Cee’s Fun Foto Challenge — Letter D

Love doing Cee’s Fun Foto Challenges!

The Theme for this week is the Letter D.

D is for DECK:

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8th Floor, Whitney Museum of American Art, Gansevoort Street, New York City: The view from the rooftop café is simply fabulous.

D is for DOTS:

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Alexander Calder at the Whitney Museum of American Art, 8th Floor

D is for (Remember the) DATE:

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Billboard, New York City, Early September 2017

Stay tuned, dear blog readers. Stay tuned.

 

More Structure: At the Louvre

The structure of living things, the intricacy of our own bodies, even the components of human-made technology; all can be sources of wonder.

— Jen H., The Daily Post

  • Stairwell, the Louvre (Even a lowly stairwell is capable of stunning, if one remembers to look UP)

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  • The Main Courtyard of the Louvre (Self liked this picture because it emphasizes the relationship between the glass pyramids and the stately buildings)

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  • Winged Victory of Samothrace (Self took so many pictures of just this one piece, but this is the one that showed most of the ceiling)

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One Window and Two Paintings

This is yet another post on The Daily Post Photo Challenge this week: CORNER

“A corner is the point where converging lines, edges, or sides meet.” — Merriam-Webster

First, a wee window in a tiny apartment:

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Next: paintings.

Self was in Sacramento for part of July, and was able to attend a reception downtown for the artist Jessica Dunne. Her paintings have a haunting, Edward Hopper-esque quality:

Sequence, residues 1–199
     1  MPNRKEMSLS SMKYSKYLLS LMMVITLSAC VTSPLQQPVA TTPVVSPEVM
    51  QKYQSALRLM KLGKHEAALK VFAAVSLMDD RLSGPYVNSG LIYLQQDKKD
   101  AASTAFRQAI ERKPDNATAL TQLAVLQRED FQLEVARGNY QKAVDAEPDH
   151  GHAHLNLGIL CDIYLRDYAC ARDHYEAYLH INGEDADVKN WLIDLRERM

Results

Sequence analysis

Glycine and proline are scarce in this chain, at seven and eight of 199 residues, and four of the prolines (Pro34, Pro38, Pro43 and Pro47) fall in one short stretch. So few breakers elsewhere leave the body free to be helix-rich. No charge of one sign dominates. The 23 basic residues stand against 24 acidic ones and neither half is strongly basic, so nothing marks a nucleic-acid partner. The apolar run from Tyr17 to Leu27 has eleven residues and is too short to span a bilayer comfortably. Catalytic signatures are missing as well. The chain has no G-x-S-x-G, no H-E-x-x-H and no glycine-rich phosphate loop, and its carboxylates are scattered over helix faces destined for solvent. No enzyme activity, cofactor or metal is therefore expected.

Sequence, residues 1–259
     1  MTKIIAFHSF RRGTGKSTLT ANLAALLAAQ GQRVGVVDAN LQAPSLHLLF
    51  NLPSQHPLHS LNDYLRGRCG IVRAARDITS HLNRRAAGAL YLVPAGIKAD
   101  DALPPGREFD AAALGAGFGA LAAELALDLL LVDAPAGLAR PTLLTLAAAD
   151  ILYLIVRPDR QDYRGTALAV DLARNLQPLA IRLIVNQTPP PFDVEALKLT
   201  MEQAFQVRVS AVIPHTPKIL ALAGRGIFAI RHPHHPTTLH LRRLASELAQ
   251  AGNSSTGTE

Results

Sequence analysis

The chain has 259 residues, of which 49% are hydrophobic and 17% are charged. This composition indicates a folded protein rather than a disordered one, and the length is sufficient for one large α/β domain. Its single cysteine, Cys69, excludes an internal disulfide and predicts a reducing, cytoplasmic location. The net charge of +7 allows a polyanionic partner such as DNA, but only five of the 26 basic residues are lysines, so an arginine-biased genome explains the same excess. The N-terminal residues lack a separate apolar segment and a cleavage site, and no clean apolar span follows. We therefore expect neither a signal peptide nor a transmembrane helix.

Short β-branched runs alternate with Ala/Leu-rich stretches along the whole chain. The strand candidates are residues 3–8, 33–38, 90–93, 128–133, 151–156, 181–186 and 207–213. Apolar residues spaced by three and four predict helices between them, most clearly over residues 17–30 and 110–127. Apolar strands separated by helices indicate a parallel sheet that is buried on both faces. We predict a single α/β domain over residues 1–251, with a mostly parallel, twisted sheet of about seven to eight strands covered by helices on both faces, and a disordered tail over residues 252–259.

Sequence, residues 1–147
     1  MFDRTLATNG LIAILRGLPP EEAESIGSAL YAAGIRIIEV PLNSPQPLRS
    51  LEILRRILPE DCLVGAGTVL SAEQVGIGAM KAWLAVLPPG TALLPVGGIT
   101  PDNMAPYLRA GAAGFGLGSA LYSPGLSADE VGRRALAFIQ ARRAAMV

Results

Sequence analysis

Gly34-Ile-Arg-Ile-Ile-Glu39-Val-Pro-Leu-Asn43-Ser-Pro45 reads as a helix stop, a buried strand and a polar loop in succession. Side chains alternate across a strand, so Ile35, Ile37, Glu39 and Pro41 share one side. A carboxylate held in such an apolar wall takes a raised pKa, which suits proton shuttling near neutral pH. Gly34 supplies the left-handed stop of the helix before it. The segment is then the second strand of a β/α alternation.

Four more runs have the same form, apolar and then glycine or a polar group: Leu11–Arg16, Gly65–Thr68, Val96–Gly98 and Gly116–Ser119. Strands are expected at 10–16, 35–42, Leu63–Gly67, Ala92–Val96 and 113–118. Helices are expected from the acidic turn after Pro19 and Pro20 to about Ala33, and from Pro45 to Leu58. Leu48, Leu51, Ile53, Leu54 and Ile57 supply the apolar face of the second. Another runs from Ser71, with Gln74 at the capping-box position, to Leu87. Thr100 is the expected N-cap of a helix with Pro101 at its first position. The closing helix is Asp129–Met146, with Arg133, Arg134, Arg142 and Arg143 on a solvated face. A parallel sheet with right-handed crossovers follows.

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Stay tuned, dear blog readers. Stay tuned.

War, By the Numbers

First order of business: Self has been perusing Gendrya and found a really badass one-shot. An excerpt:

She wielded two swords when she reached the tower. The Red Priestess wasn’t alone.

The girl wielded her swords, blood swiping tracks on the floor.

And he came out of nowhere, wielding a hammer.

Her other reading of the night is of course Waterloo (never mind the subtitle, which goes on forever). The battle is at midday of 18 June 1815. Napoleon has finally ordered his artillery to let loose on Wellington’s forces.

Here are the numbers:

Napoleon has 246 cannon, Wellington 157.

The French had 12-pounder cannon, The British 9-pounders.

Napoleon used his Grand Battery “as an offensive, as against a defensive, weapon.” He had used them this way before, most spectacularly at Wagram in 1809, where 112 French cannon “tore the heart out of the Austrian army.”

Wellington, on the other hand, had scattered his artillery “along the whole of his line” and used them “defensively . . . they were absolutely forbidden to engage in counter-battery fire.” Wellington was serious. When Wellington saw one of his batteries attempting to counter the French  artillery fire by opening up, “he ordered the arrest of the battery commander.”

Here self would like to interject with an account of her first visit to the British Imperial War Museum, two months ago, in June. At the entrance are the biggest long-range guns self has ever seen. They are massive. About as massive as an Egyptian pyramid. She can only imagine a whole battery of these guns firing away. The sound would shatter eardrums.

You have to walk right beneath these guns to get into the museum. It gave self a chill.

Inside the museum is a gorgeous engine called the Merlin. Shined to a high polish. Looks like Geiger art. Manufactured by Rolls Royce. For use in British World War I fighter planes.

Stay tuned.

Feathers and Oil Paint: More Texture

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from the Exhibit “Degas, Impressionism, and the Paris Millinery Trade,” at the CA Legion of Honor, San Francisco